Putting a Stake Through the Retirement Age Zombie

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A few days ago I wrote about the perennial popularity of raising the retirement age for Social Security and Medicare. It’s a bad idea that doesn’t save very much money, is savagely unfair to the poor, and in the case of Medicare, does nothing to rein in cost growth, which is our biggest problem. But it’s an easy sound bite, so it sticks around forever even though there are loads of better ways of addressing entitlement spending.

Here’s a nice little chart from CBPP (based on data from the Kaiser Family Foundation) that illustrates this for Medicare. Here’s what it shows:

  • If the Medicare eligibility age were raised to 67, it would produce net savings of $5.7 billion. That’s a whopping 1% of total Medicare spending. The reason the number is so low is that a lot of 65-66 year-olds would end up on Medicaid or in Obamacare’s subsidized healthcare exchanges. The feds pay either way.
  • But wait! Although the federal government would save a bit of money, employers would end up spending $4.5 billion more and seniors themselves would spend $3.7 billion more.
  • In the end, the federal government would end up with only tiny savings, and those savings would be more than made up by higher spending elsewhere. The net effect on the healthcare system as a whole would be an increase of $5.7 billion, not a decrease.

This is just a bad, bad, zombie idea. It might be worth arguing over the methodology here if the numbers were big enough to matter, but they aren’t. Even in the best case, raising the Medicare eligibility age would have an insignificant effect on the federal budget.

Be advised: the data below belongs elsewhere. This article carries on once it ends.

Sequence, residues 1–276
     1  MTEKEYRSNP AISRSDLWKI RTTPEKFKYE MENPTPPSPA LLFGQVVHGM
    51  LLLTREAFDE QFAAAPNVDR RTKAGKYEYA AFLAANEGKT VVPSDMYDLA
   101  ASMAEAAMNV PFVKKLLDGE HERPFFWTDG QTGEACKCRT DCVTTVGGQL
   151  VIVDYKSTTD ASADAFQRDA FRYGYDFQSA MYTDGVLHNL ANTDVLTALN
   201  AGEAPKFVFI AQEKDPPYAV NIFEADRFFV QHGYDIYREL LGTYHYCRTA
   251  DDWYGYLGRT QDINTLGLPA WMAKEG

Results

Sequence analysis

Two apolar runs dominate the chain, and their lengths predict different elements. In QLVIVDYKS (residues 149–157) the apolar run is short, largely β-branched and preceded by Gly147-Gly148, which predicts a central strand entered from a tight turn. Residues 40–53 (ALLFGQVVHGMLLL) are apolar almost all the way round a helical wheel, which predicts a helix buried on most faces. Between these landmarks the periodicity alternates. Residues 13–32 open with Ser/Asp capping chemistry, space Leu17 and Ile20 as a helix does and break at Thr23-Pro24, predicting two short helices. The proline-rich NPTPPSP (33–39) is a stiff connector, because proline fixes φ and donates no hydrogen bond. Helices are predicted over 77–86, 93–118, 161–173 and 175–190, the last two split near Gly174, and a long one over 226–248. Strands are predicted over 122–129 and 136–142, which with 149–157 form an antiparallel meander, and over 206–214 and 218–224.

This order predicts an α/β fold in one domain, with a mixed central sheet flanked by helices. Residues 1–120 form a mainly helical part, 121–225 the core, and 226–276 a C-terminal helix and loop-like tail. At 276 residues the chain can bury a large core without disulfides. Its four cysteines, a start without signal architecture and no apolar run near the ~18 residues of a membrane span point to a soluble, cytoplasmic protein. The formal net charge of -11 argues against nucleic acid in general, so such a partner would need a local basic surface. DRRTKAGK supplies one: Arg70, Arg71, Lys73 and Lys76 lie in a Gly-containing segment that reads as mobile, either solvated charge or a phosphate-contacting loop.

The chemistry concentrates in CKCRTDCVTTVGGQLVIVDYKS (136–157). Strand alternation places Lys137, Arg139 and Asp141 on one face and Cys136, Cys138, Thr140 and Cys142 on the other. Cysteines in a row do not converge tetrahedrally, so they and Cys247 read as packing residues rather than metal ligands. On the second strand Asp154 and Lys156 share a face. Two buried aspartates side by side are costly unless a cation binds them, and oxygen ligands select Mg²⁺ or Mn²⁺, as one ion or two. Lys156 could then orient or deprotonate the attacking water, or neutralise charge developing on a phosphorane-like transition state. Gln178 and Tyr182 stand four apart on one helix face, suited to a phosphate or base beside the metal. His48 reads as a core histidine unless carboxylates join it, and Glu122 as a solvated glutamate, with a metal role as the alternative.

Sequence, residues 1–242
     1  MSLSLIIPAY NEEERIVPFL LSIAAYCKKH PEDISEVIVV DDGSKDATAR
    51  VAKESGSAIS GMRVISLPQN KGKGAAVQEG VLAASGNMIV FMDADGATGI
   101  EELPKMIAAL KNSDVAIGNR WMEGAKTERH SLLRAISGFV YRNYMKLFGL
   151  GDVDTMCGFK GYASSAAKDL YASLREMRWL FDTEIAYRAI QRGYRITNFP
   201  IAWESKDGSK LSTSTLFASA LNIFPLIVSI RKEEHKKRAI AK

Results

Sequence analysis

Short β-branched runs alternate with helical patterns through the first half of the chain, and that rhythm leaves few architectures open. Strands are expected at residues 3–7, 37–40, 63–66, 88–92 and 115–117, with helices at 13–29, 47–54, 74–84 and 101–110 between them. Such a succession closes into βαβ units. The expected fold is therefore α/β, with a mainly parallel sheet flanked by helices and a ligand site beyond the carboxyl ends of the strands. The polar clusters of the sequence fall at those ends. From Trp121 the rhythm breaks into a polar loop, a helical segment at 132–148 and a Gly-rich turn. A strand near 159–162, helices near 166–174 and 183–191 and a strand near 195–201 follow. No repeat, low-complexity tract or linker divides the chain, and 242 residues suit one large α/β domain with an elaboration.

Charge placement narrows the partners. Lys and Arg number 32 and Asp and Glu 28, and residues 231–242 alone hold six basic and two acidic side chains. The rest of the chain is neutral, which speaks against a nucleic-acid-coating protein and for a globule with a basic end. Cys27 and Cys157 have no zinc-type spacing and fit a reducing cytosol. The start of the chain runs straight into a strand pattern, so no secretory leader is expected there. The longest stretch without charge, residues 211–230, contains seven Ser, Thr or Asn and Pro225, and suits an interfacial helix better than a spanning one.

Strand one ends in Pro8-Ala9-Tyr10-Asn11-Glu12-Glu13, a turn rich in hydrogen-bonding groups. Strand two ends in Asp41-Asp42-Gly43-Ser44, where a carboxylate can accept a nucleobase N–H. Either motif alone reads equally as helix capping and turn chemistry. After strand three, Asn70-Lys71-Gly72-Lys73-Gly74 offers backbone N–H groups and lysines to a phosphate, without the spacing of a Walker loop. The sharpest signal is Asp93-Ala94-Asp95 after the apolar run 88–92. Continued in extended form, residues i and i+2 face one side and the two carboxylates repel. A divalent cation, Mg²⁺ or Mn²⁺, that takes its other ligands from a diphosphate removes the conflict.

The more time we spend on this, the less time we’re spending on ideas that might actually accomplish something. It’s time to move on.

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We've never been very good at being conservative.

And usually, that serves us well in doing the ambitious, hard-hitting journalism that you turn to Mother Jones for. But it also means we can't afford to come up short when it comes to scratching together the funds it takes to keep our team firing on all cylinders, and the truth is, we finished our budgeting cycle on June 30 about $100,000 short of our online goal.

This is no time to come up short. It's time to fight like hell, as our namesake would tell us to do, for a democracy where minority rule cannot impose an extreme agenda, where facts matter, and where accountability has a chance at the polls and in the press. If you value our reporting and you can right now, please help us dig out of the $100,000 hole we're starting our new budgeting cycle in with an always-needed and always-appreciated donation today.

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